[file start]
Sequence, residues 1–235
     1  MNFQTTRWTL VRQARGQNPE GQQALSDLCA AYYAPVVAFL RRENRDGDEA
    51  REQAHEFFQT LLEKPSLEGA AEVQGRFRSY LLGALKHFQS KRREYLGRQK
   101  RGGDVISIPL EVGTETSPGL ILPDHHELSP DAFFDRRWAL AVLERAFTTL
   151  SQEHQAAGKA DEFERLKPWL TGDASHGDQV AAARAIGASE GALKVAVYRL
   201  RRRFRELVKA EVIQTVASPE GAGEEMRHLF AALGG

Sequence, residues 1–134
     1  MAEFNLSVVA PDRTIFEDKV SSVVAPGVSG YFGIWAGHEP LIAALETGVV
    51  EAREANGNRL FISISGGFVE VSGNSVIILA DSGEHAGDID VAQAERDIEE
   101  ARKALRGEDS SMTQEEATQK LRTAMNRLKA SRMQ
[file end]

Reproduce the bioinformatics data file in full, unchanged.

Sequence, residues 1–235
     1  MNFQTTRWTL VRQARGQNPE GQQALSDLCA AYYAPVVAFL RRENRDGDEA
    51  REQAHEFFQT LLEKPSLEGA AEVQGRFRSY LLGALKHFQS KRREYLGRQK
   101  RGGDVISIPL EVGTETSPGL ILPDHHELSP DAFFDRRWAL AVLERAFTTL
   151  SQEHQAAGKA DEFERLKPWL TGDASHGDQV AAARAIGASE GALKVAVYRL
   201  RRRFRELVKA EVIQTVASPE GAGEEMRHLF AALGG

Sequence, residues 1–134
     1  MAEFNLSVVA PDRTIFEDKV SSVVAPGVSG YFGIWAGHEP LIAALETGVV
    51  EAREANGNRL FISISGGFVE VSGNSVIILA DSGEHAGDID VAQAERDIEE
   101  ARKALRGEDS SMTQEEATQK LRTAMNRLKA SRMQ